Things are starting to come to a head at Uber.
Company CEO Travis Kalanick announced Tuesday that he’s taking an indefinite leave of absence, USA TODAY reports. His announcement comes amid a staggering run of turmoil for Uber, and on the same day the recommendations of an international investigation into the company’s culture were made available to employees.
Although he’s now officially taking a leave from Uber, Kalanick reportedly hasn’t been at the company’s San Francisco headquarters since his mother was killed in a boating accident in May.
“For the last eight years my life has always been about Uber,” Kalanick said in a statment, via USA TODAY. “Recent events have brought home for me that people are more important than work, and that I need to take some time off of the day-to-day to grieve my mother, whom I buried on Friday, to reflect, to work on myself, and to focus on building out a world-class leadership team.”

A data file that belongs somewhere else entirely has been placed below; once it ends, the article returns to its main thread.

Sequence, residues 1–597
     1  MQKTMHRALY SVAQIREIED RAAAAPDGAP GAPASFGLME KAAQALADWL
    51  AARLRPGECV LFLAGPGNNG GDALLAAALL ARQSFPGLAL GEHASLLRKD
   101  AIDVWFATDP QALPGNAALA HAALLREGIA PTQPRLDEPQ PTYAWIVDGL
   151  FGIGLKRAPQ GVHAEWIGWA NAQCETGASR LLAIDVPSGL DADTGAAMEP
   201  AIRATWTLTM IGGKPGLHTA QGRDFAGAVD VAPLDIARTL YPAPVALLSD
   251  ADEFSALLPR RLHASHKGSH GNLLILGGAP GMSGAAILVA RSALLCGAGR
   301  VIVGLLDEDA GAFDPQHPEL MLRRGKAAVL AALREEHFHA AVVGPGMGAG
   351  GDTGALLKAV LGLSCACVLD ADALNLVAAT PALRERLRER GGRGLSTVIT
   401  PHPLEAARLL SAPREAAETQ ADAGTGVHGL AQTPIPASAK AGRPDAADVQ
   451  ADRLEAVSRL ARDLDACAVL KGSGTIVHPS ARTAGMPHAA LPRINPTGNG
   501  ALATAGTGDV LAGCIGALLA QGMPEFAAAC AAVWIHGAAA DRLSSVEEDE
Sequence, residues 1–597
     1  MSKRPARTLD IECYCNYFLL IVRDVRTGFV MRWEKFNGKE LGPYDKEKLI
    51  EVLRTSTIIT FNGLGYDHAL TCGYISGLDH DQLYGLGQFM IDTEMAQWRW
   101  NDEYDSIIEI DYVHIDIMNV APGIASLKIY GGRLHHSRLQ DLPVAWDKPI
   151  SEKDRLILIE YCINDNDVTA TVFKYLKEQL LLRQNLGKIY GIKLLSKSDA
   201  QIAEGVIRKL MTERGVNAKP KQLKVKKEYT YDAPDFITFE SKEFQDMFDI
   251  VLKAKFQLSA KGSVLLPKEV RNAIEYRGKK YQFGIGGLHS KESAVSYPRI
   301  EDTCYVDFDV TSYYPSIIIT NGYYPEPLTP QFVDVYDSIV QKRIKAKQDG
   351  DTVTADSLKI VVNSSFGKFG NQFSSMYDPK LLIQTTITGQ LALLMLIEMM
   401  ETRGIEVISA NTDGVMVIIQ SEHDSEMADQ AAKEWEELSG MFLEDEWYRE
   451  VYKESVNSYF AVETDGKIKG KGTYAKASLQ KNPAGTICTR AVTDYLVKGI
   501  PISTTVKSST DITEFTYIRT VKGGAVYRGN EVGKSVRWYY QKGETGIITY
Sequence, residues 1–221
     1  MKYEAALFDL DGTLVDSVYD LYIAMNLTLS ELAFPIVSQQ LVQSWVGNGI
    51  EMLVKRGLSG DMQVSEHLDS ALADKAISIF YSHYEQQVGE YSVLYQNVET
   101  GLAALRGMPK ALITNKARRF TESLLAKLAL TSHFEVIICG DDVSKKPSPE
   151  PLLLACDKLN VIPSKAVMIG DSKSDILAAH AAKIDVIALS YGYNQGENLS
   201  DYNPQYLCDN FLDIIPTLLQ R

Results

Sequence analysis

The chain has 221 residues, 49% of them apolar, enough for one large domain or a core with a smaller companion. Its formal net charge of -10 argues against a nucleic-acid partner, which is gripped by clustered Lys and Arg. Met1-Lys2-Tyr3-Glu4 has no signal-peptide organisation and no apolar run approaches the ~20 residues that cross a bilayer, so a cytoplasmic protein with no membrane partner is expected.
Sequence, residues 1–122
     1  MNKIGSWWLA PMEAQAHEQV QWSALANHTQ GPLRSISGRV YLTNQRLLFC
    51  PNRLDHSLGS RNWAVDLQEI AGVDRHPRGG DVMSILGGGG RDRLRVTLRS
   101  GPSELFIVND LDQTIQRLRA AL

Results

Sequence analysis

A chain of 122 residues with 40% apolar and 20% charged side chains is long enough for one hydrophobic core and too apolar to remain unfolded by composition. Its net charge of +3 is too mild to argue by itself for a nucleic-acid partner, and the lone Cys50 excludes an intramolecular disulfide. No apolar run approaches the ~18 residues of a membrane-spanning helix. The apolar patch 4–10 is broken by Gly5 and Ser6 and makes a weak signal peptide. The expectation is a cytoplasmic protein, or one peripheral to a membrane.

The findings of the investigation, which was conducted by former United States Attorney General Eric Holder, painted a bleak image of leadership not just at Uber, but in the technology industry as a whole.
“We have watched as senior, visible people in the larger tech ecosystem excuse the reprehensible behavior of some individuals, and we have observed the pattern of passing around bad actors from company to company,” the report said, via USA TODAY.
Holding reportedly made nearly 50 recommendations in the report, and Kalanick isn’t the only point of emphasis.
Uber’s workplace culture has been hit especially hard in the past week.
On June 6, an ongoing investigation into sexual harassment reportedly led the company to fire 20 employees, and two days later a leaked email revealed Kalanick once wrote sex rules for a company party in 2013.
While the report makes specific reference to Kalanick’s role within the company, it also says senior leadership needs to enforce a cultural shift, recommends the forming of a board oversight committee and says Uber should prioritize diversity and inclusion, according to USA TODAY.
Thumbnail photo via Flickr/TechCrunch